Routine analysis of the data produced by BSL networks begins as the waveforms are acquired by computers at UC Berkeley, and ranges from automatic processing for earthquake response to analyst review for earthquake catalogs and quality control.
Over the last 10 years, the BSL has invested in the development of the hardware and software necessary for an automated earthquake notification system (Gee et al., 1996; 2003a). The Rapid Earthquake Data Integration (REDI) project is a research program at the BSL for the rapid determination of earthquake parameters with three major objectives: to provide near real-time locations and magnitudes of northern and central California earthquakes, to provide estimates of the rupture characteristics and the distribution of ground shaking following significant earthquakes, and to develop better tools for the rapid assessment of damage and estimation of loss. A long-term goal of the project is the development of a system to warn of imminent ground shaking in the seconds after an earthquake has initiated but before strong motions begin at sites that may be damaged.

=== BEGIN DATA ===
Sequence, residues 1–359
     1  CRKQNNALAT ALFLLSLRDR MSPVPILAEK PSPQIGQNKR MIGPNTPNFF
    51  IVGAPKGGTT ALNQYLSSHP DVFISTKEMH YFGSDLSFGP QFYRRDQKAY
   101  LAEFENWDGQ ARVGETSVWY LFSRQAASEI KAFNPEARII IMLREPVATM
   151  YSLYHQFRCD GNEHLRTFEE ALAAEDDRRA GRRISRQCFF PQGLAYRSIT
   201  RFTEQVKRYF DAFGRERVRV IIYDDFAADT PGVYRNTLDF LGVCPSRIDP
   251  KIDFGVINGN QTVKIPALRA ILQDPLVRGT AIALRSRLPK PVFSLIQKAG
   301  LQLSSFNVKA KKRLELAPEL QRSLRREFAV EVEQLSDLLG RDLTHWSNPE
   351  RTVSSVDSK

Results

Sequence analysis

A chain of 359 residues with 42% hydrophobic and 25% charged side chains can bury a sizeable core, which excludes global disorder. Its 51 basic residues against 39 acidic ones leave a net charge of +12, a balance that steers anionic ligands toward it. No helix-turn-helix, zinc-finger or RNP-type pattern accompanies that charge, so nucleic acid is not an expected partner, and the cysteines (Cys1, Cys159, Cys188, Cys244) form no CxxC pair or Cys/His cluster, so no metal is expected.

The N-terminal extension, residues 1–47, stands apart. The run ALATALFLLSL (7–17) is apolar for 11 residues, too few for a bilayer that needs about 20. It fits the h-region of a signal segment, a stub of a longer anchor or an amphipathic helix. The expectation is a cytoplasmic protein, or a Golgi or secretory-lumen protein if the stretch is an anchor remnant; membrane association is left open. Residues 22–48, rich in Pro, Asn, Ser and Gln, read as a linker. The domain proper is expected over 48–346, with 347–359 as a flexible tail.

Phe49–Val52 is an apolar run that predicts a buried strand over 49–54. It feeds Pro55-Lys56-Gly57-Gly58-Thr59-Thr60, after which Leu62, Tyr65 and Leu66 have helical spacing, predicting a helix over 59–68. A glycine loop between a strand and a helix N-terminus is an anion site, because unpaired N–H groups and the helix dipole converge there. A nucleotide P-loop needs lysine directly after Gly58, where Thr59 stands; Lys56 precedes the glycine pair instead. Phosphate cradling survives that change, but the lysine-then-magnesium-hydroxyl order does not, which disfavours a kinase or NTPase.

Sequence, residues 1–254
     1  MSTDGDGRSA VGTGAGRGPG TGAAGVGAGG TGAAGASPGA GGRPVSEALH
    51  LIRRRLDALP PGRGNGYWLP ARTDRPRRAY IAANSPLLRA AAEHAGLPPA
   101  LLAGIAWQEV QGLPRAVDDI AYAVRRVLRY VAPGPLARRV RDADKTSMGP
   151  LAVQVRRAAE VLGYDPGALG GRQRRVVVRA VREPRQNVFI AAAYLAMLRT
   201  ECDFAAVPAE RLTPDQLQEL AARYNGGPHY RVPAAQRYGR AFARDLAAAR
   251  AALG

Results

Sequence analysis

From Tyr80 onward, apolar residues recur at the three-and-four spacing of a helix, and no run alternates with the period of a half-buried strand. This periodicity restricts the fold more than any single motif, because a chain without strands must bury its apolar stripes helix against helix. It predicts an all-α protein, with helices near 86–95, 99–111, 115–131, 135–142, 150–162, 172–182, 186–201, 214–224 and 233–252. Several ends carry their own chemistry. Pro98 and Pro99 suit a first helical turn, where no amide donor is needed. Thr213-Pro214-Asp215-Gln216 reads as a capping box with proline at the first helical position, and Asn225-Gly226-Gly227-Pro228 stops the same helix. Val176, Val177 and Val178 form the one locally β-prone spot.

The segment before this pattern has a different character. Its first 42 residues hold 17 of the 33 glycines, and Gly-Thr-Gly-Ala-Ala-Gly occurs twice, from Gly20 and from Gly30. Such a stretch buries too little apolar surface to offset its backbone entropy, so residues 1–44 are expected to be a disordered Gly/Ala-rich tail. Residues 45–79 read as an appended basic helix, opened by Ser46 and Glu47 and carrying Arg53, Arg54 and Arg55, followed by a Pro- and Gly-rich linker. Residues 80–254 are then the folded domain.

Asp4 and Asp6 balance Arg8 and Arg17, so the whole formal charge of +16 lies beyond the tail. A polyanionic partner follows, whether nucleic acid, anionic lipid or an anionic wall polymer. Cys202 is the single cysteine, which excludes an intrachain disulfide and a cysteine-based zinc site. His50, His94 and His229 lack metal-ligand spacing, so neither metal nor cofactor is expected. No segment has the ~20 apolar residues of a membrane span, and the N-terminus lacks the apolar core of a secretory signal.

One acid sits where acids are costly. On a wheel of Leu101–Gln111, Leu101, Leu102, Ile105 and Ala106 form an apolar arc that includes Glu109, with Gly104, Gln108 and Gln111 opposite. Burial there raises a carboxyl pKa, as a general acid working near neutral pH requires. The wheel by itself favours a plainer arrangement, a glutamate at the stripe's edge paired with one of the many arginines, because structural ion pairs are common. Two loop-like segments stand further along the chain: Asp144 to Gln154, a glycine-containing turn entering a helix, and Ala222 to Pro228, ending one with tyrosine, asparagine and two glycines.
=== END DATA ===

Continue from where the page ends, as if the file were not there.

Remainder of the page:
In 1996, the BSL and USGS began collaboration on a joint notification system for northern and central California earthquakes. The current system merges the programs in Menlo Park and Berkeley into a single earthquake notification system, combining data from the NCSN and the BDSN.
Today, the BSL and USGS system forms the Northern California Management Center (NCMC) of the California Integrated Seismic Network (Chapter 4).
Berkeley Seismological Laboratory
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